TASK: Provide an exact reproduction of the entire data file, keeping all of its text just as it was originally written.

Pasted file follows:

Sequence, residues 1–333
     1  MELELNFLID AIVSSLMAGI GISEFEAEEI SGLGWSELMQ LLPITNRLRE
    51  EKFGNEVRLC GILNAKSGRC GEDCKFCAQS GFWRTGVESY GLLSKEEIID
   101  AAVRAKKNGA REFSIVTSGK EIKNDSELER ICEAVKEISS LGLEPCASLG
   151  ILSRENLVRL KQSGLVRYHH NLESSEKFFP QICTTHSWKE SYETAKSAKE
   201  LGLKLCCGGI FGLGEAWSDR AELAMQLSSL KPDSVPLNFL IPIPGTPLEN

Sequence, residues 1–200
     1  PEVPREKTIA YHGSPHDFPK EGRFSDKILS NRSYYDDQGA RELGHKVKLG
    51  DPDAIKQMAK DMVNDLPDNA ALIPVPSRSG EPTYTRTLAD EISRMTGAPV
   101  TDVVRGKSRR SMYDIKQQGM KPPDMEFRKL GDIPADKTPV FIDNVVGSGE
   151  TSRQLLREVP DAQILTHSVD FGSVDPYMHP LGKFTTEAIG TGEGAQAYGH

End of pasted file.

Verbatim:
Sequence, residues 1–333
     1  MELELNFLID AIVSSLMAGI GISEFEAEEI SGLGWSELMQ LLPITNRLRE
    51  EKFGNEVRLC GILNAKSGRC GEDCKFCAQS GFWRTGVESY GLLSKEEIID
   101  AAVRAKKNGA REFSIVTSGK EIKNDSELER ICEAVKEISS LGLEPCASLG
   151  ILSRENLVRL KQSGLVRYHH NLESSEKFFP QICTTHSWKE SYETAKSAKE
   201  LGLKLCCGGI FGLGEAWSDR AELAMQLSSL KPDSVPLNFL IPIPGTPLEN

Sequence, residues 1–200
     1  PEVPREKTIA YHGSPHDFPK EGRFSDKILS NRSYYDDQGA RELGHKVKLG
    51  DPDAIKQMAK DMVNDLPDNA ALIPVPSRSG EPTYTRTLAD EISRMTGAPV
   101  TDVVRGKSRR SMYDIKQQGM KPPDMEFRKL GDIPADKTPV FIDNVVGSGE
   151  TSRQLLREVP DAQILTHSVD FGSVDPYMHP LGKFTTEAIG TGEGAQAYGH